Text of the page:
What Is Candida Albicans?
Candida is a group of yeast organisms, the most common being Candida albicans. This strain makes up approximately 75% of the Candida overgrowth known as candidiasis.
Commonly found in patients battling Lyme Disease, Mold Toxicity, autoimmune disease, cancer, and another chronic disease, candida overgrowth is where it exists in the digestive tract, the urogenital, and the respiratory systems.
C. albicans is a commensal within the microbiome, where it typically exists in small amounts. If Candida overgrows, the microbiome becomes imbalanced, leading to dysbiosis. Gut dysbiosis is commonly recognized in the digestive tract, with multiple symptoms often labeled as irritable bowel syndrome or IBS.
How Does Candida Impact The Body?
When Candida is not kept in check, it can overgrow and create health issues. Candida has two forms, yeast and hyphal; both can be pathogenic in the body.
The hyphal form is considered to be more invasive because it secretes hydrolases, while the yeast form is more easily transported throughout the body via the bloodstream.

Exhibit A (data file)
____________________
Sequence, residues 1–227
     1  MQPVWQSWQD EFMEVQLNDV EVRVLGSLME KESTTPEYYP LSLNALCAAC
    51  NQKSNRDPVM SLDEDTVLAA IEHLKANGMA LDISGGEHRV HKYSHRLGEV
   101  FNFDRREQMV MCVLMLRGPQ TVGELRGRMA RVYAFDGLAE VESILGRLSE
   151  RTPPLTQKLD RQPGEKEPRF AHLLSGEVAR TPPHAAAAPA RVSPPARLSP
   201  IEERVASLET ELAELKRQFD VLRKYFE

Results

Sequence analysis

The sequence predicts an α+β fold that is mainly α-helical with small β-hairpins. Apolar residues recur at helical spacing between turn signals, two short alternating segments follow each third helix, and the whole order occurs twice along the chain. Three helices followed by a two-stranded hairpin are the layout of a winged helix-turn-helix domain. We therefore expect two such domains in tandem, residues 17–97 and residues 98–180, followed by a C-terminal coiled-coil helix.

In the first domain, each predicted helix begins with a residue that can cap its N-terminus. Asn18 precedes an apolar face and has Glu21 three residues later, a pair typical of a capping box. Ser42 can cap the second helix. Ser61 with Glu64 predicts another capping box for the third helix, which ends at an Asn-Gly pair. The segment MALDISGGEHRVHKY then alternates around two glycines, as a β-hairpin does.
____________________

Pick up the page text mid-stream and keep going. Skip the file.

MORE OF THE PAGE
With the increased invasion of the tissues, the hyphal form can create biofilms and build antifungal resistance.
Through these mechanisms, Candida causes problems in the digestive tract, the genitourinary system, and the sinuses.
What Predisposes Someone To Get Candida Overgrowth?
One of the most significant factors that increase the overgrowth of Candida is antibiotics. Even a single course of antibiotics in infants (in the early stages of developing their microbiome) can lead to an increase in Candida and a decrease in beneficial bacteria.
Considering most people have multiple courses of antibiotics throughout their lifetime, this is a significant risk factor. The standard American diet or SAD diet contributes to Candida's overgrowth and gut dysbiosis. The low fiber, high carbohydrate, and high sugar diet increases the risk of Candida overgrowth.
How Do Your Test For Candida Overgrowth?
Various methods for testing for Candida overgrowth are used in integrative/functional medicine. Stool tests can detect elevated levels of Candida. The traditional stool tests would look for Candida under a microscope and attempt to culture it.
One of the issues with that technology is that Candida can live in biofilms and, therefore, will not be found consistently in stool tests. Newer genetic stool tests look for DNA from Candida to identify overgrowth.
To bypass the issue of biofilms, urine organic acid tests can look for elevated metabolic toxins from Candida and other bacteria. Several markers, such as elevated tartaric acid and arabinose, indicate a high Candida level. These can be followed in a repeated measurement to determine if the Candida overgrowth is lessening.